The Supreme Court on Friday issued notice to the Centre and the Maharashtra government on a petition for a direction to frame security guidelines for hotels and other public places to prevent terror attacks like 26/11in Mumbai.

A Bench comprising Chief Justice K.G. Balakrishnan and Justice B.S. Chauhan also issued notice to the East India Hotels Limited, owners of the Oberoi Trident and Indian Hotel Company Limited, and owners of Hotel Taj in Mumbai on the issue of providing adequate compensation to victims of the terror attack.

Earlier, Meenakshi Arora, counsel for petitioners Sarla Parekh, Sevanti Parekh and two others, said there should be some guidelines to ensure the safety of guests and security of hotels. The staff should be trained to meet emergency situations, and all hotels should have public liability insurance to provide compensation to victims of attacks.

The petitioners, who lost their children in the attack on Oberoi hotel, said hotels in India were soft targets for terror strikes as there were no security regulations, and they were not at all bothered about the safety of guests. The time had come for the Centre to ensure that hotels were mandatorily required to design, develop and implement an in-depth, integrated security programme, the petitioners said.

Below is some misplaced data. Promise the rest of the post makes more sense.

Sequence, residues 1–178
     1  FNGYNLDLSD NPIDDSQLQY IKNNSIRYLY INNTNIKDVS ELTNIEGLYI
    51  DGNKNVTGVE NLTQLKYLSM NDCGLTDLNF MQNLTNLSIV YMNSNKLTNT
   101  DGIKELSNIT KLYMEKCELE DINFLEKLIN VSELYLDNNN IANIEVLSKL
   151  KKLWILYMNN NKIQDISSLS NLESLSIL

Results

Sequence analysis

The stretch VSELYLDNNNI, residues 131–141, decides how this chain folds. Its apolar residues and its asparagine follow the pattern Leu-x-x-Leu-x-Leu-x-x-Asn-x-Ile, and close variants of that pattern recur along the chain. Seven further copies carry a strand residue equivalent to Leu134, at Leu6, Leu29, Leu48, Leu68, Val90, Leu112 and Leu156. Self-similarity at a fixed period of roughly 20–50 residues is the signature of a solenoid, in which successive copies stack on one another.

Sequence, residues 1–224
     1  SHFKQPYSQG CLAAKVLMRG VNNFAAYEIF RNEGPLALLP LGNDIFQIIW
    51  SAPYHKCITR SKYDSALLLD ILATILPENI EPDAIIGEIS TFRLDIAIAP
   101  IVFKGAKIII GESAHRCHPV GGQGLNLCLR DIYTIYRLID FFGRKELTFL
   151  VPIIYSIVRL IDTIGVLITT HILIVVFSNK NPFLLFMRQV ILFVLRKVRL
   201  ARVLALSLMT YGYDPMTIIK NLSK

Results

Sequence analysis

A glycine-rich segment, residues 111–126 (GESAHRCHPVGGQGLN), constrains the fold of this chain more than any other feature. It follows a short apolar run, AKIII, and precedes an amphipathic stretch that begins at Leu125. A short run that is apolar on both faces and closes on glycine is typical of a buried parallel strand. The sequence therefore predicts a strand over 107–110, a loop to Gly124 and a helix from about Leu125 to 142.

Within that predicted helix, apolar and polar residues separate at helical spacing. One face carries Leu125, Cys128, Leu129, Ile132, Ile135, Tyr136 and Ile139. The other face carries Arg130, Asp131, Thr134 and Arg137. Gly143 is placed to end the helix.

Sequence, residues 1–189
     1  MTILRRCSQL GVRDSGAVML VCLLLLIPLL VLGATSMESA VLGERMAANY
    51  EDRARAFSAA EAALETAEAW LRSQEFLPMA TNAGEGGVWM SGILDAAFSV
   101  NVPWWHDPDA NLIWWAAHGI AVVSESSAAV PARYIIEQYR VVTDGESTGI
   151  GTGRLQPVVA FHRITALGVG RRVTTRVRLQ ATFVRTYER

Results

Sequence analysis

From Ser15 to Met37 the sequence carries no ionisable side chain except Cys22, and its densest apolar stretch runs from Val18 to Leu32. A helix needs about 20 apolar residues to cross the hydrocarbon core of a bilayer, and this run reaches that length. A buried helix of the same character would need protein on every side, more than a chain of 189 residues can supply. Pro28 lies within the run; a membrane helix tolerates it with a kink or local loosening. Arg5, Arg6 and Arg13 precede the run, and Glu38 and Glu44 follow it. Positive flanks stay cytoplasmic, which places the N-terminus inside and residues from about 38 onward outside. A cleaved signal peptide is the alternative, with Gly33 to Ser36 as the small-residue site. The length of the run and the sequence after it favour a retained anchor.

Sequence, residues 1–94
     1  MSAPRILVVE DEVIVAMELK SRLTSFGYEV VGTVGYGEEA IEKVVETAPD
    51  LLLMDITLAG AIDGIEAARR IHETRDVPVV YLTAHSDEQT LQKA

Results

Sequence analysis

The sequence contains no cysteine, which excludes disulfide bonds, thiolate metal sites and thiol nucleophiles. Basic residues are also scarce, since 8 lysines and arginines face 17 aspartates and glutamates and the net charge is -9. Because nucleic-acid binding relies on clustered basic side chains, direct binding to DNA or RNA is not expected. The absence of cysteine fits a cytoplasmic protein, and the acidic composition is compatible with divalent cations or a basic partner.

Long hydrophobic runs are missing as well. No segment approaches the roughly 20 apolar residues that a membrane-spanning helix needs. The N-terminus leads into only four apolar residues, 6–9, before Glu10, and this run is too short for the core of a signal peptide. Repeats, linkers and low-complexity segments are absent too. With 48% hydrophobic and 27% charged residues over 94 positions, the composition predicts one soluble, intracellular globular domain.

They said that in the absence of a regulation providing for safety requirements in star category hotels, many people lost their lives and others were injured during the Mumbai attacks.

The petitioners sought a direction to the Centre to frame appropriate safety rules and regulations to prevent injury and loss of life in such incidents. They also sought a direction to the respondents to pay adequate compensation to those injured and to the legal heirs of those killed in the 26/11 attacks, and to appoint an experts committee to look into the quantum of compensation payable by the Oberoi and Taj hotels to the legal heirs of the victims.


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